Author: Suzanne Walker (author), Wendy Xu (artist)
Publication date: October 22, 2019
Genre: graphic novel, young adult, fantasy
My rating: 4 / 5 stars
Queer and quirky and oh-so-cute, Mooncakes was the quick, enchanting graphic novel I didn’t know I needed in my life. I finished almost all of it in a single night, and boy, was it a fun and heartwarming ride, complete with utterly charming magical creatures, adorable cats, and a super-sweet romance.
This graphic novel tells the story of Nova, a young witch with a hearing impairment who lives with her two grandmothers, and Tam, a nonbinary werewolf who used to be best friends with Nova before their family moved away. When Tam comes back to town, pursued by a strange cult that wants to harness Tam’s werewolf magic to bind a demon, their path quickly crosses with Nova’s, and the two set off to stop the demon and, hopefully, prevent Tam from reaching a horrible end.
This book succeeded because of three major factors: its art, its characters, and its themes.
As I’m sure you know, artwork can make or break a graphic novel. When designs are off-putting or too complicated or kind of boring, even the best story will inevitably fall flat. This is even more the case when the story deals with things like magic, which requires a creative eye and a knack for detail. Fortunately, Wendy Xu’s illustrations rose to the occasion. Vibrant and colorful, they captured everything from the beautiful swirls and details of magic to the vintage-chic style of Nova’s clothing. (Incidentally, I want literally everything in Nova’s wardrobe, because it’s that adorable.) The visual humor was both subtle (e.g. clever titles on books in the background) and overt (e.g. a cousin of Nova’s who literally has the head of a pigeon). The emotions of Nova and Tam, as well as the Nanas and Nova’s friend Tatiana, were all convincingly conveyed. And–perhaps my favorite random detail–there are some incredibly imaginative magical creatures who don’t really have names but are just so dang adorable to look at. Props to the illustrator for bringing those to life; even without any dialogue, their thoughts are clear, and their physical appearances (big eyes, pretty flower ornamentations, bright colors, inexplicable flying…) are delightful.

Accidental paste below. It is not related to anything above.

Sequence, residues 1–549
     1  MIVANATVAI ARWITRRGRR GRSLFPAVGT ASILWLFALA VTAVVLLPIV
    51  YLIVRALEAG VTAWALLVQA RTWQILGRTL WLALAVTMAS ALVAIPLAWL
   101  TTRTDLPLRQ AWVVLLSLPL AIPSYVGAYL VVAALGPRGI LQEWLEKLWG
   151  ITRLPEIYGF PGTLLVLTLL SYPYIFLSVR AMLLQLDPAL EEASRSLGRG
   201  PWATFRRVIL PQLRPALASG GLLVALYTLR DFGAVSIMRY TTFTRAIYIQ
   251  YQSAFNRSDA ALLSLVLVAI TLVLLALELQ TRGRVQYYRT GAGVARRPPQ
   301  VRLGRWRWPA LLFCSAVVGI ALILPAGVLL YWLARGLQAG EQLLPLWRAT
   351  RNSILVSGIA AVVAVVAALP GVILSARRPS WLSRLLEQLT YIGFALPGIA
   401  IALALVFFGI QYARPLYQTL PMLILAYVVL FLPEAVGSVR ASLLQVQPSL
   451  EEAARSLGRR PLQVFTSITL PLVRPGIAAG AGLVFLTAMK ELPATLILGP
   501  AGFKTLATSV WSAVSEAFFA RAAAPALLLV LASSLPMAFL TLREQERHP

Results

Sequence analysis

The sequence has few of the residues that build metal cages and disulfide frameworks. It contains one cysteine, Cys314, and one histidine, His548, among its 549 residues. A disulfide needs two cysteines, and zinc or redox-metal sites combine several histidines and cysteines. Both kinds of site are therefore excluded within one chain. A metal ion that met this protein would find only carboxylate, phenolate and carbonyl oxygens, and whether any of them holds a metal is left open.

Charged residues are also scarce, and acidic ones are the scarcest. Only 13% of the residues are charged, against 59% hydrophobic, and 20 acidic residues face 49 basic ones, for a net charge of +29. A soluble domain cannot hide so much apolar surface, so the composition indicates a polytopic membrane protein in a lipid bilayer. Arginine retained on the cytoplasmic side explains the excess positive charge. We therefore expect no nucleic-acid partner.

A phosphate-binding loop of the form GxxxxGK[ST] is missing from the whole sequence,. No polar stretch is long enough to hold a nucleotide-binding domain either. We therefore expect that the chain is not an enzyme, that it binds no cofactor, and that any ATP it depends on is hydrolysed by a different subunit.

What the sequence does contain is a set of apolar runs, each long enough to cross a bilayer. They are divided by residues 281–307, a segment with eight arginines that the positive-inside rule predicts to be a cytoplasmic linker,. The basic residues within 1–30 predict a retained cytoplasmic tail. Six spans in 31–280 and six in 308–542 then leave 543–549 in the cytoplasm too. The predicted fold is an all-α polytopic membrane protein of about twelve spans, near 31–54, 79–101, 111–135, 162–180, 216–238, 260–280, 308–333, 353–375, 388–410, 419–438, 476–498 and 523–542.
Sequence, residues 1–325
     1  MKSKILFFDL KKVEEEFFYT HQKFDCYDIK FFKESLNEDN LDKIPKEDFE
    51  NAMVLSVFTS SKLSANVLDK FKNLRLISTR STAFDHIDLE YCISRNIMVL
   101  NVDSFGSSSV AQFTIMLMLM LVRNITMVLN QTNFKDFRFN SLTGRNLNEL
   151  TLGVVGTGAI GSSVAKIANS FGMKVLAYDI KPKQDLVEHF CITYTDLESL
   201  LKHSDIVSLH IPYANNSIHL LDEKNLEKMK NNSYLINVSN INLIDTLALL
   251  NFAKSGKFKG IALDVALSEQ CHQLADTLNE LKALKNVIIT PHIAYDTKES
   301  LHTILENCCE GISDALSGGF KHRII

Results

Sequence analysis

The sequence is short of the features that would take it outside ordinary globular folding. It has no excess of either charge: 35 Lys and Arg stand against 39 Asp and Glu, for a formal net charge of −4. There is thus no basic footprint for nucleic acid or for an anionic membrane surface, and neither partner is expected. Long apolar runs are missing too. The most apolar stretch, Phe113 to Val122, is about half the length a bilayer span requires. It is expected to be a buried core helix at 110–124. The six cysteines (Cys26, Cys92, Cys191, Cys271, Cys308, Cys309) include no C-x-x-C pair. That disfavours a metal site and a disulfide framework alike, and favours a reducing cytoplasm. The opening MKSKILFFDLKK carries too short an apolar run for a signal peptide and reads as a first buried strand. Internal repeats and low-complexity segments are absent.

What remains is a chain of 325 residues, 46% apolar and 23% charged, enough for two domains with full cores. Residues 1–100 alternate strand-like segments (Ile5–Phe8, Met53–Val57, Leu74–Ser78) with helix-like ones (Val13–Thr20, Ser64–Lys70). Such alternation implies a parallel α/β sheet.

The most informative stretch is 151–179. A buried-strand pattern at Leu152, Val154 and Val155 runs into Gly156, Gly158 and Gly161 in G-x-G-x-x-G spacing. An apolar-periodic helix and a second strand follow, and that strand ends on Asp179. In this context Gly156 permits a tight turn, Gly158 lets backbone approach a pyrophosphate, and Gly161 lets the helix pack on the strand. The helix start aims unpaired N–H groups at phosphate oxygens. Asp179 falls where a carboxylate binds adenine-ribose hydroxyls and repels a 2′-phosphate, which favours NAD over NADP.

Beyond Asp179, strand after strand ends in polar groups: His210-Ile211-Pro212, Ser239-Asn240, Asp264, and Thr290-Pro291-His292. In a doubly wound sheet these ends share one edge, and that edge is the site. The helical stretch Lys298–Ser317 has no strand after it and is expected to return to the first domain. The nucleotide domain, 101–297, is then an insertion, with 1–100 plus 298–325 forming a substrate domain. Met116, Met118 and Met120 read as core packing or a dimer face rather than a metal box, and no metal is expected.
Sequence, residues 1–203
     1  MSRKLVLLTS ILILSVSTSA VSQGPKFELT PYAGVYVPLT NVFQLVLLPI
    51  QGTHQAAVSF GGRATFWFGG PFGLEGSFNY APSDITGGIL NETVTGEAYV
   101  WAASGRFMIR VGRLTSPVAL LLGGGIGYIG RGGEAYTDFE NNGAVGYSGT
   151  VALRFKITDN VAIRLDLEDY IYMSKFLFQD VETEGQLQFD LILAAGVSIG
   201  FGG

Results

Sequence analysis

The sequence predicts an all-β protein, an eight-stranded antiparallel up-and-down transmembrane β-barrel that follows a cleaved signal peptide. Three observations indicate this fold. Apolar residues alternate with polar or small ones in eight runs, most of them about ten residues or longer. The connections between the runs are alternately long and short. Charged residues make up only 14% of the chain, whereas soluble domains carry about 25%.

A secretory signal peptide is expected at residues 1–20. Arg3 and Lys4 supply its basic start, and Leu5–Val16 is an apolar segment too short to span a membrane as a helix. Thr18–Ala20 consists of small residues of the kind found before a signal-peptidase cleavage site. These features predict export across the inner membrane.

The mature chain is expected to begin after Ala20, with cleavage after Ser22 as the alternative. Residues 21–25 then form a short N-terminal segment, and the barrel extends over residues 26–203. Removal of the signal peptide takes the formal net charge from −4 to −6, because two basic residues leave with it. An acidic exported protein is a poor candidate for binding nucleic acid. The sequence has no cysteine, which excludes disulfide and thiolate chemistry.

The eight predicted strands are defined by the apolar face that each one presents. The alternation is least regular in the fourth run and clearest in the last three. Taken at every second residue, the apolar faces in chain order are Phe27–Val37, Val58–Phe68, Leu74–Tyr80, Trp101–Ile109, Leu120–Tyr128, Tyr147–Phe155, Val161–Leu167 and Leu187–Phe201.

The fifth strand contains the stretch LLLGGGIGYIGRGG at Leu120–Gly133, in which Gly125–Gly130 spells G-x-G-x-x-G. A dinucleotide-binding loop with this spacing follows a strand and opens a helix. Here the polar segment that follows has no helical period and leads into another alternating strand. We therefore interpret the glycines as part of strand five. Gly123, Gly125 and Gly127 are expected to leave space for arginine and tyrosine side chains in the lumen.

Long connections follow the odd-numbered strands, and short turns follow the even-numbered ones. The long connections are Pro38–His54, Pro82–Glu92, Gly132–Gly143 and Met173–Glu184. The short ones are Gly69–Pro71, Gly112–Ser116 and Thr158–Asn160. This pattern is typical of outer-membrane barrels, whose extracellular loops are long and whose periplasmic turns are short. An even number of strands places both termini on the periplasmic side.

The thing that first drew me to this book wasn’t the art, though–it was the diversity. I had heard it was cute and super gay, but beyond that I didn’t know much. The thing is, this book is so much more than that. Nova doesn’t just have a hearing impairment that’s mentioned once and then ignored; she wears hearing aids on a regular basis, they impact her magic, we see her take them off and on, and we see scenes where she has them off and needs to ask people to repeat themselves. Tam is nonbinary, yes, but people totally respect their pronouns once they are aware, and we see snippets of Tam even at a young age struggling to reconcile their feminine upbringing with their more in-between gender identity. Even the side characters are great. Nova’s grandmothers have an adorable relationship with each other, and Tatiana is a plus-size girl who loves science, even as she struggles to reconcile that fact with the existence of Nova’s magic and Tam’s werewolf-ness.
Finally, thematically, this book was enjoyable because it was so focused on love, friendship, family, duty, acceptance, and inclusion. Though Nova and Tam become romantically involved fairly quickly, it derives from the deep friendship they shared as children. Tatiana is wholly supportive of the relationship between the two and proves herself a loyal friend, rather than the typical backstabber you often expect to see in a YA book (especially one that features a “third wheel” character or one whose ideologies differ from those of the main characters). Both of the Nanas do everything in their power to help and protect both their granddaughter and Tam. And the rest of Nova’s family, too, in their few brief appearances, are supportive and caring, even when they don’t fully understand what is happening, or when their own understandings of what witches are “supposed” to do conflict with what Nova and her grandmothers choose to do.
Still, there were small drawbacks to the book. In some ways, because of its rapid pace and short length, it felt a little half-baked (pun not intended), with a couple rushed plot points and not quite enough time spent building up certain details on the backgrounds of the characters. This, in turn, rendered some of the story elements too simplistic and unsatisfying–but, given the light tone throughout, this was not a deal-breaker by any means. It was enough to make the book not quite a perfect five-stars, because it lacked that complexity that could have fully brought it to life, but not enough to dampen my enthusiastic recommendation of it.
If the world’s got you down, if you want some awesome casual nonbinary rep, or if your life could just use a little more charming magic, go ahead and pick up a copy of Mooncakes. I guarantee, it’ll keep you spellbound.